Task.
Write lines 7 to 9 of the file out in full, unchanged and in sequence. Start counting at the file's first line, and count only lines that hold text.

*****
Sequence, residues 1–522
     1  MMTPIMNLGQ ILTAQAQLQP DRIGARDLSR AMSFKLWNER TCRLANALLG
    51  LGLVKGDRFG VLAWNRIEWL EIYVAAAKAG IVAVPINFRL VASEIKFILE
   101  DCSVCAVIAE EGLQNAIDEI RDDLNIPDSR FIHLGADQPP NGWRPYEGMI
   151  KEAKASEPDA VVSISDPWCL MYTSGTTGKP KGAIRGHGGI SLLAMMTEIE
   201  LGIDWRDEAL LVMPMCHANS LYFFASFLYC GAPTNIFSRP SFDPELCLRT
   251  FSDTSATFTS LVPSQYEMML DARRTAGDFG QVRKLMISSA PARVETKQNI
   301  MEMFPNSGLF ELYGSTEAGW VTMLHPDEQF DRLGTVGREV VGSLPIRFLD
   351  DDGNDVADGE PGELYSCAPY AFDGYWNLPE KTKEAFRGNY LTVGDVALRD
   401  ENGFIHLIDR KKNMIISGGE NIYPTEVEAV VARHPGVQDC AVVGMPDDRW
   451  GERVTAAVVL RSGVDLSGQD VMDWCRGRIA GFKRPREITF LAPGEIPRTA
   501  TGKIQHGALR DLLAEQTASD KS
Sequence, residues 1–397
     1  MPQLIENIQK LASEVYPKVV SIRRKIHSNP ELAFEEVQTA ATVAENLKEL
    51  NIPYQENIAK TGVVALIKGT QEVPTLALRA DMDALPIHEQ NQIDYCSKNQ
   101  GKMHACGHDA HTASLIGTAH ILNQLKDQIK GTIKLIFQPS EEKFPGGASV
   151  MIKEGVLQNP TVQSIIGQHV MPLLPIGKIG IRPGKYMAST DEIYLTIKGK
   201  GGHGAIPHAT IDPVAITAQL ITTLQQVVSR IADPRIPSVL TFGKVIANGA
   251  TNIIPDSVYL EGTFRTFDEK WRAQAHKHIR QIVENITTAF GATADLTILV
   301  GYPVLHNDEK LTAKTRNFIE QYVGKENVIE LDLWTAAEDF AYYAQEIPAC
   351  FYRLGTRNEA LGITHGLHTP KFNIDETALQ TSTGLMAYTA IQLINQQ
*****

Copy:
   251  FSDTSATFTS LVPSQYEMML DARRTAGDFG QVRKLMISSA PARVETKQNI
   301  MEMFPNSGLF ELYGSTEAGW VTMLHPDEQF DRLGTVGREV VGSLPIRFLD
   351  DDGNDVADGE PGELYSCAPY AFDGYWNLPE KTKEAFRGNY LTVGDVALRD